In 2010, 29 miners died this way in a coal mine in West Virginia.
What is a dust explosion?
The term dust explosion has come up a couple of times now concerning those massive fires, so what is a dust explosion?
This is where dust is at its most dangerous as a fire hazard. It all starts with a cloud of airborne particles, such as the fine particles of coffee or sugar circulating in those factories.
If you get a high enough concentration of dust in a small space, with no ventilation, you increase the risk of the combustible material igniting. All it takes is enough pure oxygen and an ignition source for a significant fuel-air explosion.
In the worst cases, these can cause significant damage and fire risk. These situations tend to occur in enclosed spaces with no ventilation, such as mines and elevators in industrial settings. They shouldn’t occur in a well-designed factory setting, but freak accidents can happen.
Technicians have adopted the science behind these dust explosions for various applications.
Surprisingly, there are examples of people using dust explosions deliberately in a controlled environment. Skilled pyrotechnicians can create the effect of a dust explosion for controlled explosions on film sets or in stage shows.
This leads to a violent reaction from a simple substance, but they can control the material and its detonation to remain safe. Technicians in the military also use the principles behind dust explosions within thermobaric weapons.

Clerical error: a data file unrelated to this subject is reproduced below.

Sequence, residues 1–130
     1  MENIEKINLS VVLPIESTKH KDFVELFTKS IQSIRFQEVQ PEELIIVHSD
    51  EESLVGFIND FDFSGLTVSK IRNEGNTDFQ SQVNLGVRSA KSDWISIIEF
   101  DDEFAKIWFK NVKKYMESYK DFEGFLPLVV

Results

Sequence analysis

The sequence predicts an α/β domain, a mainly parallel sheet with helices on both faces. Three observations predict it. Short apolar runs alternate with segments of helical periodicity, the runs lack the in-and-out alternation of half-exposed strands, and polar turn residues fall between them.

These bombs saturate a target area with a cloud of combustible material – like a dust cloud – and then deliberately ignite it.
How to prevent dust fires at home.
Thankfully, most of us don’t have to worry about the dangers of dust explosions unless we have a health and safety role in a mine or factory. You are unlikely to create that much sawdust in a garage and your household dust isn’t that dangerous.
Still, it is important to keep on top of household dust to prevent fires and to make sure your garage or workshop is ventilated to reduce the dangers from sawdust.
The best way to prevent dust fires at home is to get into a habit of regular cleaning and to pay attention to where dust settles.